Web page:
Most of us moan and groan, whine and wail, about not having time to do what we'd like to do. Grousing about it is the easy part. We have that down pat. Doing something about it is quite another thing.
We've all read articles about ways to give yourself more time. We read them, then go right back to moaning etc. If you really want to have more time for your favorite pastime, in my case, that is writing, then you need to create time. It's not going to work unless your desire to pursue your writing--or anything else you want to do--is greater than your need to give yourself an excuse.
Harsh? Perhaps, or maybe it is just facing reality. I wanted to write for the majority of my life but I didn't do it. I convinced myself I was too busy and that other things in my life needed to take precedence. I must have done a good job as I didn't begin writing until well into my mid-fifties.
Finally, something lacking in my life triggered my writing journey. I stepped onto that path and have stayed on it ever since. I lead a busy life but I do make time to pursue my passion for writing. It's different for those who make a living writing. They have definite job hours but for hobbyist writers like me, we have to make the time or take the time.
I'm a social person who belongs to many women's groups--bridge clubs, a woman's group that promotes education for women, church groups, book club among them. As much as I love them and the people I mingle with in each group, they take away from my writing time. I still benefit from this social part of my life; I even find inspiration for writing from speakers I hear, conversations across the bridge table and more.
Instead of cutting back on all those social events, I cut out other things. I watch very little tv. I do have certain shows that I look forward to each week and football and basketball games, when the teams playing are ones I follow. I spend many evenings, or parts of them, at the computer.
Because of some physical limitations, I don't exercise much which gives me that chunk of time.
I am an early riser which gives me a little more time than Sleepy Susie who doesn't get up until I am midway into my morning.
If I am deep into a writing project, I might give up a social event now and then. I have to weigh the decision carefully, looking to see which one pulls me more.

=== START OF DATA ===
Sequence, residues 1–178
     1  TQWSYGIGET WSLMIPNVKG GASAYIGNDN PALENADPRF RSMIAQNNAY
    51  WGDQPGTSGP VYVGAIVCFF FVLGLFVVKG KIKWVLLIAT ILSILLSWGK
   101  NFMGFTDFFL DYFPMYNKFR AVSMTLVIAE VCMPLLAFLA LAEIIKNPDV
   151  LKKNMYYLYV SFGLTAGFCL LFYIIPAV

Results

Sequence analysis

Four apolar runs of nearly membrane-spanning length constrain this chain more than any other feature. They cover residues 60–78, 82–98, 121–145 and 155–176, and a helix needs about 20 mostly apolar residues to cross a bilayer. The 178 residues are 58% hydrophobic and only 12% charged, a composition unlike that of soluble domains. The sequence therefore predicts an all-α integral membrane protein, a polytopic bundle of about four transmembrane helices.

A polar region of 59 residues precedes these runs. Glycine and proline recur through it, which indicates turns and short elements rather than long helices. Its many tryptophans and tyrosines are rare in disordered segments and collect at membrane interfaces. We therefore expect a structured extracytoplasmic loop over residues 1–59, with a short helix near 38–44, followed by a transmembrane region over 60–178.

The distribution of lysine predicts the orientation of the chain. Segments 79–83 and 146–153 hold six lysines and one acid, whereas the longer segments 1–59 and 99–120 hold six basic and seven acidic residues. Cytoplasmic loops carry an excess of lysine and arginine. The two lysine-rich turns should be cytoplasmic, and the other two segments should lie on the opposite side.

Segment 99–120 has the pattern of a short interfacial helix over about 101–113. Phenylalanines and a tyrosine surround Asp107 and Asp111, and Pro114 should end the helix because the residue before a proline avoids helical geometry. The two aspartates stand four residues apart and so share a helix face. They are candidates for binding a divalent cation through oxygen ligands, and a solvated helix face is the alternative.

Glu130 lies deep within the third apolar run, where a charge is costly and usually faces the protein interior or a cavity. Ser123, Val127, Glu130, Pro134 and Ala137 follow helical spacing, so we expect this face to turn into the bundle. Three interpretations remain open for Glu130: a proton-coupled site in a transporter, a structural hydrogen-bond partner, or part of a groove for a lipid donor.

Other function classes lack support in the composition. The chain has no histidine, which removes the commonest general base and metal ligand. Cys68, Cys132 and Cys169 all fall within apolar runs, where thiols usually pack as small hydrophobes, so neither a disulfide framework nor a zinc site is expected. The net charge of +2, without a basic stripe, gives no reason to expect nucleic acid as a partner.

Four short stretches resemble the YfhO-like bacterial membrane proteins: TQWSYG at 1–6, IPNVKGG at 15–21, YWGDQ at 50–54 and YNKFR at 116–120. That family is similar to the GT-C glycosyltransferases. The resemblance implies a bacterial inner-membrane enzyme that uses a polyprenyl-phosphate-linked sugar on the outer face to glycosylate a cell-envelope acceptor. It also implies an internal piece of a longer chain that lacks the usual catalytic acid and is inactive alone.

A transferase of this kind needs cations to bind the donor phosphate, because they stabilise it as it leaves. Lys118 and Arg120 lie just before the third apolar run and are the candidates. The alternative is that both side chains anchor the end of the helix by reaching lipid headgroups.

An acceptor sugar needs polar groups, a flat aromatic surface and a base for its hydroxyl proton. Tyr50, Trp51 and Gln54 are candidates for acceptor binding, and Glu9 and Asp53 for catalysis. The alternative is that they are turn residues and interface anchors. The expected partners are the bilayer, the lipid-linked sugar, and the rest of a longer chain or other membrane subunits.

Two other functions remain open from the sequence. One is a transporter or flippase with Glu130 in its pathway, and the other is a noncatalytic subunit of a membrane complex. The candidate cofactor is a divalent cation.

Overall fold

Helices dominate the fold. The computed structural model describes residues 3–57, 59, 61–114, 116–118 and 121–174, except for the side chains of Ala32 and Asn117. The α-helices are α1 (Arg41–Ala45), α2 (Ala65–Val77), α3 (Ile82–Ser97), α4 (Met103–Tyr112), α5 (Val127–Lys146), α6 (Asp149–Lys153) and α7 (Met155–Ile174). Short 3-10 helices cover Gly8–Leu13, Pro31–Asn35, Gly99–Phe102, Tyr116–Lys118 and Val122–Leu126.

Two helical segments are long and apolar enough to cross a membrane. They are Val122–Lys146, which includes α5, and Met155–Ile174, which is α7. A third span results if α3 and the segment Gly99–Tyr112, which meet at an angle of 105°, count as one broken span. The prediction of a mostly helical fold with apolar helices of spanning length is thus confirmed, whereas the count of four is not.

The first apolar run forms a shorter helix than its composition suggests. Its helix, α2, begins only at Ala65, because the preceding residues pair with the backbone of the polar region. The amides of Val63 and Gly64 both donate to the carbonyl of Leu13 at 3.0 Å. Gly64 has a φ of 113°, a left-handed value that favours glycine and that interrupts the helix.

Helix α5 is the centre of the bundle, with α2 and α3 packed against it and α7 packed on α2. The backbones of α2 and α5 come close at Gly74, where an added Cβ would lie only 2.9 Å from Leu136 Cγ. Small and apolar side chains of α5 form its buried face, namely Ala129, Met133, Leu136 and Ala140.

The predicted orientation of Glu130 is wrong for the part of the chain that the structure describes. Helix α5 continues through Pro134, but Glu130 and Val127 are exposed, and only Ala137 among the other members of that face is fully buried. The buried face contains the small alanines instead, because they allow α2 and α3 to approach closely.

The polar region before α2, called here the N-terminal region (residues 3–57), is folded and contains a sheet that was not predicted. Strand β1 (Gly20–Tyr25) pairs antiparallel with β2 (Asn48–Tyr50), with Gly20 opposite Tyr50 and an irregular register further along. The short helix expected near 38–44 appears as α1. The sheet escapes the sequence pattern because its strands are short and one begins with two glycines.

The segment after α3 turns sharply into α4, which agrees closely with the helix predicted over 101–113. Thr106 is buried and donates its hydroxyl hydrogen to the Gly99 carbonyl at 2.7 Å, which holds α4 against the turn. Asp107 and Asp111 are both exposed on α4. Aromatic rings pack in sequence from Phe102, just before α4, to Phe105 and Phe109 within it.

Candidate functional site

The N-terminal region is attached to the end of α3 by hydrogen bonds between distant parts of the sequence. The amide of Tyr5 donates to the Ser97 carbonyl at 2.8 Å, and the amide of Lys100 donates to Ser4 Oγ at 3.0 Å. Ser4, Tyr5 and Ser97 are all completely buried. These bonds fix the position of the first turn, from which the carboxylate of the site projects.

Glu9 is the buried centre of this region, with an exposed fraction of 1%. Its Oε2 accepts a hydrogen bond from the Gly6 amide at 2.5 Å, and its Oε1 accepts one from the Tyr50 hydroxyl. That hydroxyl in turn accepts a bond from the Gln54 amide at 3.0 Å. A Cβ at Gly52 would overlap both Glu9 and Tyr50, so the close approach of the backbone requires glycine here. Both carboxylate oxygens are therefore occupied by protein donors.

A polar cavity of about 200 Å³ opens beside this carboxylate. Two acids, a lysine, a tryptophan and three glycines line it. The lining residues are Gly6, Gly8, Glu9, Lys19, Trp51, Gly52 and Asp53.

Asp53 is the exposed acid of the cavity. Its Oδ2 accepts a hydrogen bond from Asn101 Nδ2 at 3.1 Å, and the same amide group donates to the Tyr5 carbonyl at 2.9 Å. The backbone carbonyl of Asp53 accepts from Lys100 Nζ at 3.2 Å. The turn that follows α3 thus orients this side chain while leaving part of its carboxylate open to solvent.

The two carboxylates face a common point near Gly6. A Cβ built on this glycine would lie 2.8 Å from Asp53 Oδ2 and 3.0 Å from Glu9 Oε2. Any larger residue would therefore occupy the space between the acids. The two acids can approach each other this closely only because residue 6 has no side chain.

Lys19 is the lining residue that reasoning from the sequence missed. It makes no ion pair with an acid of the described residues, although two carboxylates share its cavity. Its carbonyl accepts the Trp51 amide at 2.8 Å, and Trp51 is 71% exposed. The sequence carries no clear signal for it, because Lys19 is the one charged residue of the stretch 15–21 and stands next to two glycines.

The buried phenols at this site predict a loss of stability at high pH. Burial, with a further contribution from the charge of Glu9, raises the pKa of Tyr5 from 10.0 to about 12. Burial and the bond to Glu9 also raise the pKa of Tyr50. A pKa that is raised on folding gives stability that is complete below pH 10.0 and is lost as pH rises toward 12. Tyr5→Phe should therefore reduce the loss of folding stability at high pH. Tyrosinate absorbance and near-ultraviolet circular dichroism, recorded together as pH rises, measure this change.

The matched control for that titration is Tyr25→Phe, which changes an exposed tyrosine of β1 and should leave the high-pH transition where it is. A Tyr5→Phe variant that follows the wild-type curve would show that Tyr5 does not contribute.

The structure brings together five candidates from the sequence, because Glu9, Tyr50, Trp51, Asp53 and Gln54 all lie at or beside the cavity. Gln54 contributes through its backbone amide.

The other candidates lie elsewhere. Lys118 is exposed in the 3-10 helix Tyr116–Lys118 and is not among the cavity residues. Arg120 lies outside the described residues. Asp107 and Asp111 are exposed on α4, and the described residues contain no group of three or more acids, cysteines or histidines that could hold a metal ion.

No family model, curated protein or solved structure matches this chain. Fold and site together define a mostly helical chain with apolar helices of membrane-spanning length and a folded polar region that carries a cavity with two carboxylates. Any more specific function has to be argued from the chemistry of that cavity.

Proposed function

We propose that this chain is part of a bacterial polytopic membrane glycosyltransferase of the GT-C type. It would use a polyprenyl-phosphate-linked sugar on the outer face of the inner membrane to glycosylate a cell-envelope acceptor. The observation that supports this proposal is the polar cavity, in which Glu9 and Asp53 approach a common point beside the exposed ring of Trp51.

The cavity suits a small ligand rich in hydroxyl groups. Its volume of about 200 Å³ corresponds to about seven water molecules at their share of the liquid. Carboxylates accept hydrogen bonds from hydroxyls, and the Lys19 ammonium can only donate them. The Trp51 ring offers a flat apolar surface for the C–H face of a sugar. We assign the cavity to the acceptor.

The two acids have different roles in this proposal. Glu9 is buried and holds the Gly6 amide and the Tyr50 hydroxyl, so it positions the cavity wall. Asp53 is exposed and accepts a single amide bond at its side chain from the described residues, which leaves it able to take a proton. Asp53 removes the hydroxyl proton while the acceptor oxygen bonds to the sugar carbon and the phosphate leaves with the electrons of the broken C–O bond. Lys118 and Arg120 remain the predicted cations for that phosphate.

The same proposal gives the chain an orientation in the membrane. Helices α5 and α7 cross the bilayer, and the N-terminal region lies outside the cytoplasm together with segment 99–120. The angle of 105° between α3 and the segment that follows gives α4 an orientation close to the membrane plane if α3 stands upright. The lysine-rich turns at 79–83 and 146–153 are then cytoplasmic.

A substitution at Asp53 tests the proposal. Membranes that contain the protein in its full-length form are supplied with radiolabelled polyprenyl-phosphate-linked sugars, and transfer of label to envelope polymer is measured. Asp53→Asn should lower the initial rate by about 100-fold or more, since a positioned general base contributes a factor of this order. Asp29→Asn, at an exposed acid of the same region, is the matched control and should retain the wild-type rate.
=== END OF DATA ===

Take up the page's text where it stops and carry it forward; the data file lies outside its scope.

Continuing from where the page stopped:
I'm often writing mentally when I'm cooking or doing housework or grocery shopping. I am sometimes jotting story ideas on a notepad while waiting in the dentist's office or the beauty salon (my hairdresser is rarely on time!) When I'm unloading the dishwasher, I might be working out a better ending for an essay. Multitasking works for writers. Even those writers who are staring out a window might be working like mad in their mind.
Mothers who carpool have time to jot down writing notes while they wait for their kids to get out of school. Same with those who must get kids to a game early and then sit on the bleachers and wait for the game to actually begin. There are many bits and pieces of time that a writer can use to advantage.
The one hint often given in an article on creating time is to get up an hour early or go to bed an hour later. Sounds good to have a whole hour, doesn't it? But that doesn't work for all people. Those who are not morning people don't function very well if they get up sooner than they are ready. And night owls who had yet another hour could be pretty grouchy when the alarm clock goes off at 6 or 7 a.m.
Read those articles about making time but adapt them to your own lifestyle. You know you better than anyone else. If your writer friend cuts out all social events, that doesn't mean you should do it, too. Consider small ways to gain more time in your writing life. Try them. Continue with what works and dump the others. In this respect, as in most all others, we are individuals. Do what works for you.